Gtech Lessons | Website Sales

By February 24, 2021Website
G-tech Logo

Website Evolution: G-tech

This one may come as a surprise. G-tech is an ideal example to many smaller businesses (relative to previous blog posts) selling a physical product or tool. If this applies to you, it’s a great source of insight for improving your website sales.

G-tech is an emerging brand from the UK. It’s original flagship product the “AirRAM” vacuum cleaner went on to outsell Dyson’s vacuum cleaners in the UK. That’s an underdog story!

G-tech primarily known for their success with television advertising. It makes perfect sense – visual, household appliances product beamed directly onto your television. These worked wonders for marketing. What’s the call to action at the end of every ad? “Order online today at g-tech.co.uk” (or some times “for more information, visit g-tech.co.uk today”). Like many businesses, it’s the website that delivers the purchase decision and purchase itself. So website sales are essential to Gtech’s raise and continued success.

Let’s look at the website evolution of G-tech and how it can help when improving your website sales.

G-tech is a bit of a curveball website to showcase. It is however a great example of a young, product-focused business that’s scaled incredibly quickly through online sales. So we know it provides great tips for those looking to achieve a similar feat.

2014

G-tech 2014

This isn’t necessarily the start to G-tech’s website – but it’s the start of an important shift. G-tech’s ads are picking up pace and with traffic to the site expected to rise, the website ups it’s game.

 

Good Content Proportions – It’s immediately apparent to the viewer what the website is about. The proportions of each piece of content scale down from most important to least important information. This is really simple, yet really challenging thing to get right.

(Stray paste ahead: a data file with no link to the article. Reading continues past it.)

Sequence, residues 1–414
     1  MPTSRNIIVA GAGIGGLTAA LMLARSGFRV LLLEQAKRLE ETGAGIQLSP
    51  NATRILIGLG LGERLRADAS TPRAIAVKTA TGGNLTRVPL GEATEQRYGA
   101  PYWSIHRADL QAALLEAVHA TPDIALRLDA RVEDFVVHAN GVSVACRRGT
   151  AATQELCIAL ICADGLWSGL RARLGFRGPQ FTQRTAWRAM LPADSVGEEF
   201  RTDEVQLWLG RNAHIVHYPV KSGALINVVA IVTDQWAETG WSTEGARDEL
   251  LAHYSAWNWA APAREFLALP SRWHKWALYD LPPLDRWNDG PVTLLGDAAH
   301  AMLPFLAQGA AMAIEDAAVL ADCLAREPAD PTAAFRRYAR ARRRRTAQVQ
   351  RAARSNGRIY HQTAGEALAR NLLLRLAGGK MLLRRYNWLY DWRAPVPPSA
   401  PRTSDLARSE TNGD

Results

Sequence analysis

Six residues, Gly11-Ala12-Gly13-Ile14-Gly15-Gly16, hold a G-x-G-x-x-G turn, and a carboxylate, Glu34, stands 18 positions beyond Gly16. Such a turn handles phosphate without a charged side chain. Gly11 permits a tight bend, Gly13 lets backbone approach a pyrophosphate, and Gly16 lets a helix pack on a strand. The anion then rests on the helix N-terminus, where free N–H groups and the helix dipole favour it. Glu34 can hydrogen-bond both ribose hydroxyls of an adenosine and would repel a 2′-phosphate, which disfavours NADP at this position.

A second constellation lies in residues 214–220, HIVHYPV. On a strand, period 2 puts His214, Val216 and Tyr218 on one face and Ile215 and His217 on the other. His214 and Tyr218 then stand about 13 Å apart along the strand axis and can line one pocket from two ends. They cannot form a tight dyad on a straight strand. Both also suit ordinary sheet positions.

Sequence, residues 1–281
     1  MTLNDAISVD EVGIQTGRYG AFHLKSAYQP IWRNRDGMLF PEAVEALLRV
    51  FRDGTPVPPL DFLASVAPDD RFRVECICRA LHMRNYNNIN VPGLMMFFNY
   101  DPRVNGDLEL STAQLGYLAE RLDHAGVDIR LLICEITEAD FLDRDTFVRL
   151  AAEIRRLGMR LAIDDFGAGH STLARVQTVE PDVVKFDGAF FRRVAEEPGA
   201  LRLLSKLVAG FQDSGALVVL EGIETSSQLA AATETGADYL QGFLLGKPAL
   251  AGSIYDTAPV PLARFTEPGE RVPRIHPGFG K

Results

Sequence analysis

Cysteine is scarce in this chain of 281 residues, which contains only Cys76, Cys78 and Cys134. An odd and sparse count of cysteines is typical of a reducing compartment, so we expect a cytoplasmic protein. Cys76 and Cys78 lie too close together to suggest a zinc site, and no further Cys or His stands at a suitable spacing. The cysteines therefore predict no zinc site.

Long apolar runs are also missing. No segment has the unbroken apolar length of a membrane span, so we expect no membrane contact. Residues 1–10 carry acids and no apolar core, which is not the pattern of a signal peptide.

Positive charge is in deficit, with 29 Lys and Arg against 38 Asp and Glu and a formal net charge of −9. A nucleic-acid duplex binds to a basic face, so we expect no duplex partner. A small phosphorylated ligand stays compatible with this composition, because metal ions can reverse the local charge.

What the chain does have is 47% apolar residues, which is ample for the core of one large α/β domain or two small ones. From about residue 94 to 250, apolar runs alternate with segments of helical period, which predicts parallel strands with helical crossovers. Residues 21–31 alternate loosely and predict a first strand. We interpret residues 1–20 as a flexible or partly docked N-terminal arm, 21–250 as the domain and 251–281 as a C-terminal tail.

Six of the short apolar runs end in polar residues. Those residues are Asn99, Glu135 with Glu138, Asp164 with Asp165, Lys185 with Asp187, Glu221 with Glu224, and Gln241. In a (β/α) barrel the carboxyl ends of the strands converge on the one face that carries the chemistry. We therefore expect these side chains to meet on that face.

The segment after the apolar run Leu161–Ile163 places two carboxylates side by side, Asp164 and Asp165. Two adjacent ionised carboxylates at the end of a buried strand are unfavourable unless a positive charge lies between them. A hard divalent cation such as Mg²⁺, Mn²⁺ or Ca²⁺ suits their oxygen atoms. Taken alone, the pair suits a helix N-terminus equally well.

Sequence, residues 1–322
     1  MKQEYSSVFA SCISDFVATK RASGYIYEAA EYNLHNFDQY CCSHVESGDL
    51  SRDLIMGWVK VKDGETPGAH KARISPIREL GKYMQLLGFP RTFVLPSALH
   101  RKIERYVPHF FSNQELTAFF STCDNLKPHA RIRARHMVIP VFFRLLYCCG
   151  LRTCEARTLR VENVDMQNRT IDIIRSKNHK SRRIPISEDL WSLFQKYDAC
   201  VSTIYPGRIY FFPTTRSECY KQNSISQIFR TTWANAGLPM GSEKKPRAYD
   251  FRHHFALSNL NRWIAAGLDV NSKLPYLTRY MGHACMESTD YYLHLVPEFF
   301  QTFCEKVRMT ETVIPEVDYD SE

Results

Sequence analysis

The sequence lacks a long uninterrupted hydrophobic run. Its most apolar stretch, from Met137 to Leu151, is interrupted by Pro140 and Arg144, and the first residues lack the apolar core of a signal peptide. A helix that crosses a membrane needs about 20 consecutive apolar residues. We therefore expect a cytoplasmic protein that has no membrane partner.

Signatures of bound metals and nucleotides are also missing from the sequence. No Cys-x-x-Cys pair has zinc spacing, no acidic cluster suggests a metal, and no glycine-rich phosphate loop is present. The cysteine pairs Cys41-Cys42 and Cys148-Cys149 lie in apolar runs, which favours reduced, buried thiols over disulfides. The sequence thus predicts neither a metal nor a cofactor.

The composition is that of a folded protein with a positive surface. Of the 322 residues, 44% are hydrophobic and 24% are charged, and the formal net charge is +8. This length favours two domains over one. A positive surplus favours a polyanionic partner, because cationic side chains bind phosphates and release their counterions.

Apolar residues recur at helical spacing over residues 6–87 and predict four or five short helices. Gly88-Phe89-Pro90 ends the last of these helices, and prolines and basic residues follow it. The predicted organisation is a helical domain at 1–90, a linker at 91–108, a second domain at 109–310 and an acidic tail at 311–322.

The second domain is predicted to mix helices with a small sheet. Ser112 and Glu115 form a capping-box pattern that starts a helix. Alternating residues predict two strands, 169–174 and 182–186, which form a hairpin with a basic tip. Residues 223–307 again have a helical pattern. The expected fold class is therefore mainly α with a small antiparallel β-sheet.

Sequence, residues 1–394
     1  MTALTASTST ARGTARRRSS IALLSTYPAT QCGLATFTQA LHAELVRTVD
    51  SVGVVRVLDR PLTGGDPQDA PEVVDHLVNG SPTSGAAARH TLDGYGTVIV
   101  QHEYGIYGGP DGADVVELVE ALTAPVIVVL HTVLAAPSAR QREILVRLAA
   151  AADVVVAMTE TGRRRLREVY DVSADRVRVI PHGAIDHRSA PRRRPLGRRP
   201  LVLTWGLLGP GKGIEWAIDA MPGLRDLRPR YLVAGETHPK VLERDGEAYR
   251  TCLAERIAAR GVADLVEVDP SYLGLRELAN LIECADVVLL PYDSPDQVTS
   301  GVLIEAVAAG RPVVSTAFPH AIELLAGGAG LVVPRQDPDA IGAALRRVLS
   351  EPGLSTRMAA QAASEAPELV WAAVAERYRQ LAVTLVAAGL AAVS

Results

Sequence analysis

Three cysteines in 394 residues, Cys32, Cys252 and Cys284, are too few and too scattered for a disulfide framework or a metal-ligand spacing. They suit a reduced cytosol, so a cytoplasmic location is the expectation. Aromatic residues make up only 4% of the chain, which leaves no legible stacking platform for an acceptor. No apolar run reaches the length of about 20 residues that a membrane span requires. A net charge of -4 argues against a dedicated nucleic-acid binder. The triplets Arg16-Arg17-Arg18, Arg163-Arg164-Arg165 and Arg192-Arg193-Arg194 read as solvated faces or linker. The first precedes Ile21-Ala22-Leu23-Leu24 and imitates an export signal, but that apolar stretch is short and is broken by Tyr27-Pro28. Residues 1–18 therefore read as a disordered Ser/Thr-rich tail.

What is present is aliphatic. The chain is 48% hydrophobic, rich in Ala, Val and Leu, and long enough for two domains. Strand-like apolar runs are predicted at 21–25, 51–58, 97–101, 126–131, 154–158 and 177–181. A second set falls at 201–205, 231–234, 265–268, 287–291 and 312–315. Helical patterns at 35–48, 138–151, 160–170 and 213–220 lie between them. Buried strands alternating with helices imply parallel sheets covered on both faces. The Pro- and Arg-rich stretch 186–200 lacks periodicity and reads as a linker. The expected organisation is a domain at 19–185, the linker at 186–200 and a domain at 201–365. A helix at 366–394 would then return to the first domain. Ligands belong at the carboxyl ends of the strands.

Controlled Content – While there is a fair amount of text, it’s positioning and relative spacing makes it more digestible for the reader. It could be punchier, but it does a good job.

Essential Content – Website’s are fundamentally objective however in our opinion, committing valuable homepage real estate to the ‘About G-tech’ is misguided. For the majority of vacuum buyers, the priority is the cost, quality and convenience of the product. While the brand does speak to these elements, it can come across self indulgent.

 

2017

G-tech 2017

There’s a nice, natural progression here. This is often the sign of a business that’s well attuned to it’s website users. The content remains largely similar. Visuals and composition of the content make up the lion’s share of changes.

 

Unblock – Looking back it tends to be quite clear that older sites tended to be quite ‘blocky’ and rigid structure and often quite hard, solid colours (frequently white). While Gtech are nowhere near the worst offenders for this, the 2017 site is a notable step forward. Pictures and colour gradients help the homepage flow and maintain structure while removing the rigid feel.

Menu Structure – The contents of the menu haven’t changed a great deal, but the positioning of it’s contents has. This is down to taste. Personally, we like the newer approach. The old menu’s two rows totalling nine pages looked close to overflowing. Now, despite still having eight pages, the spacing and positioning of the contents look far less overwhelming. Similarly, as the linked pages cluster into rough genres (products, my purchases, support), it makes sense to use this to help user wayfinding.

More Images, Less Struggle – What’s amazing is that there’s likely more text on this homepage than there was on the last. Despite this, the homepage feels easier to skim, navigate and process. We believe this is a great example of how richer content like pictures can help make your user’s experience that much smoother.

Credibility is King – Yes it’s obvious. Even after years of success, Gtech are making a point of giving their accolades and industry recognition pride of place.  These are hard won and well earned. Most importantly, it communicates trustworthiness, reliability and quality. All key when your website visitors have chosen to visit your site and are likely contemplating a purchase.

2018

G-tech 2018

In this context, the changes to the Gtech homepage almost start to feel a bit of a parody. Images getting bigger and bigger, while content becomes more and more simple. This is a common theme for product-based e-commerce sites and those trying to increase website sales.

Picture This | Products are clearly front and centre here. So much so that even if you couldn’t speak English, you would still likely be able to use this site with confidence. That’s a very good benchmark.

Contrast & Balance | Contrasting background colours, gradients and well proportioned text all allow the homage to retain an obvious structure and coherence. This simple structure also lends itself very well to mobiles and tablets. Make no mistake this is intentional and very much planned.

Method to the Menu Madness |  Another change to the menu. Back to nine pages showing here – yet the wayfinding never really changes. Products become slightly more prominent while support becomes less noticeable.